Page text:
Life On Mars? The Real Competition Between Elon Musk & Jeff Bezos
During the Cold War, the USSR and the USA tussled to be first to make it to the moon. But that frontier, it turns out, was not so final.
Fast forward to 2018, and there is a new, different space race afoot. This time, it’s not one between governments or ideologies, but between capitalists. However, the differences aren’t only in who’s involved, but in why they’re doing it, what their long-term goals are, and what their visions of the future look like.
Over the last decade, space exploration has been winning back its place in our collective imaginations, not only because reusable rockets have made space travel as economically feasible as it has ever been, but also thanks to an ongoing competition between two of the world’s richest, most high-profile men — Jeff Bezos and Elon Musk.
Direct competitors though they are, you’ll find many similarities in their biographies: they both became billionaires through tech ventures and investments — Bezos with Amazon, and Musk with PayPal — they both share a passion for space exploration, and each have grand visions of a future for humanity in space.
This has driven them to found their own spacefaring companies as passion projects, funding them with their own fortunes: Bezos founded Blue Origin in 2000, and Musk founded SpaceX in 2002. They have even announced, independently of each other, that their respective companies are working on projects to send either cargo or human passengers to the moon within the next ten years.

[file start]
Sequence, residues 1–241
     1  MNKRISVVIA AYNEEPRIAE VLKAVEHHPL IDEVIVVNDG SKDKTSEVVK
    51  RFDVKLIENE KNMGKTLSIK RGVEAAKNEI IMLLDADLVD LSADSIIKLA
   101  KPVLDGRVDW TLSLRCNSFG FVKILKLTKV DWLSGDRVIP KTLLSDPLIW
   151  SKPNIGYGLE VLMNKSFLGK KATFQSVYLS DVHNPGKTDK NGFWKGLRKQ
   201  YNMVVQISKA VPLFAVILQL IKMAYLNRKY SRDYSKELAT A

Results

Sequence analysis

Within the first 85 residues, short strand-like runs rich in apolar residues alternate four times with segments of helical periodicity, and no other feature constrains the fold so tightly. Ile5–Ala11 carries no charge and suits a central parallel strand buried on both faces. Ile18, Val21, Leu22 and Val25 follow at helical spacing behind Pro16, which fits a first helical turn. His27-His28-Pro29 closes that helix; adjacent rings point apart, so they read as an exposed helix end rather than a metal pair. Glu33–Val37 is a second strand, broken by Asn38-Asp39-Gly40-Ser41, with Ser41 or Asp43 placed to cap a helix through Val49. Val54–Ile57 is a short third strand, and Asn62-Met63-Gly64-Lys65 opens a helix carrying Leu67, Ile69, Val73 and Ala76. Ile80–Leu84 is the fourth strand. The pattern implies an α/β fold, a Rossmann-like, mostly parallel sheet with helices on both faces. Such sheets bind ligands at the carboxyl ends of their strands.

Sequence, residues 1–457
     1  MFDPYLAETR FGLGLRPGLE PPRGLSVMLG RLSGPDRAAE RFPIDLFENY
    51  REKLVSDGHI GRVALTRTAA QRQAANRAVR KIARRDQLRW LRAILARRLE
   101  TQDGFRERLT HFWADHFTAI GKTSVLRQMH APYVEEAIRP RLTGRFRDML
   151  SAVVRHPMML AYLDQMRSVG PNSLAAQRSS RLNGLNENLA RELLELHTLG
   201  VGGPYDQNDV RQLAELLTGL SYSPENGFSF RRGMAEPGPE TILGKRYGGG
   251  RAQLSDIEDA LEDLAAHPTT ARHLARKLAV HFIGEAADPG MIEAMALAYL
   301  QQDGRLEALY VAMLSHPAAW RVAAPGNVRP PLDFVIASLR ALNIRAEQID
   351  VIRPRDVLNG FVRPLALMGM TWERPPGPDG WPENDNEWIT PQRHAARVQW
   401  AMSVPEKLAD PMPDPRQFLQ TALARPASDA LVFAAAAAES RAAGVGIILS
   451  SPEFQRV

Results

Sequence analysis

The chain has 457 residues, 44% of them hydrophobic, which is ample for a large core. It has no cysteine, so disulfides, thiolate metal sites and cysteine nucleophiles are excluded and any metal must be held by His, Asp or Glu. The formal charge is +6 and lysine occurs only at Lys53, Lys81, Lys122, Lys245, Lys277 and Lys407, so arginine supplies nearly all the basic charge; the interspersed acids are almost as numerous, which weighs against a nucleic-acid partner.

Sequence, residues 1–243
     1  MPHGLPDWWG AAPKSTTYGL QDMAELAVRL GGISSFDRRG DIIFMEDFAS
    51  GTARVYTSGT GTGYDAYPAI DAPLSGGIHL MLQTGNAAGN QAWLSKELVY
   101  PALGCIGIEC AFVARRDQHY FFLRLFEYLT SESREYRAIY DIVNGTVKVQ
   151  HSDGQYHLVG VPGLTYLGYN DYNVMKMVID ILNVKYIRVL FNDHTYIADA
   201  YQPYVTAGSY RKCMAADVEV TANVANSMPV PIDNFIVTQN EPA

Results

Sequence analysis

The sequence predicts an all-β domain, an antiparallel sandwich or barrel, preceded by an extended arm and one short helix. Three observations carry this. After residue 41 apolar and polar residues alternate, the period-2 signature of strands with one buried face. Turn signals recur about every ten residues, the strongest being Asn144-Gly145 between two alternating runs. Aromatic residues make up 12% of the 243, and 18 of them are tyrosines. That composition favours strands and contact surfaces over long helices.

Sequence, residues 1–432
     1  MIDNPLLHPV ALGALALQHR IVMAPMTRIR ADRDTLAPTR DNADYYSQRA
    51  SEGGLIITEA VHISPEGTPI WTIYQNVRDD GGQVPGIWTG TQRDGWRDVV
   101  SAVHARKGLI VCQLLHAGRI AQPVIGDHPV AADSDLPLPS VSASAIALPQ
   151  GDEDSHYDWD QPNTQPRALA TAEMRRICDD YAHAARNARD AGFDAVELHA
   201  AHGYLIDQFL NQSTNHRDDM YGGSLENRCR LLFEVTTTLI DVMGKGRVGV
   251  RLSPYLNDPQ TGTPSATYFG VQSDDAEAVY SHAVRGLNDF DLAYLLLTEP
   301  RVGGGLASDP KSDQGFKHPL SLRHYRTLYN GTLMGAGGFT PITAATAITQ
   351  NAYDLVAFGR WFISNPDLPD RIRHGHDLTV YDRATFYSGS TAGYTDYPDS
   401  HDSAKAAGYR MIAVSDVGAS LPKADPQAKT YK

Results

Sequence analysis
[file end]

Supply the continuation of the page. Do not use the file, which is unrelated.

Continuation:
On a recent episode of the Imaginary Worlds podcast, host Eric Molinsky addressed two antagonistic theories on humanity’s potential for space colonization. One theory posits that we need to colonize planets. Another suggests that we could create enormous inhabitable space stations that could simulate gravity using centrifugal force.
The two primary proponents of these theories were Isaac Asimov — who advocated for planet colonization — and Gerard K. O’Neill, who advocated for creating these gigantic spaceships.
This argument is still being highly debated today, by the two very men we are all waxing poetic about. Musk’s goal is one of physical colonization of planets, and Bezos’ sees humans creating space-station-like spaceships where millions of people will live and work. Let’s take a look at these two possibilities for humans to live in space, the two men pushing them forward, and just how feasible they actually are.
When it comes to business, at least, Elon Musk seems to be incapable of doing anything wrong. The self-made Silicon Valley billionaire has spent the first two decades of the second millennium starting and developing companies that give us hope for a greater future: SolarCity wants to power entire cities with solar energy; Tesla Motors took the electric automobile market by storm; The Boring Company is set to eliminate city traffic by digging underground tunnels for cars and for the Hyperloop; and with SpaceX, Musk plans to take humanity off Earth, and onto Mars.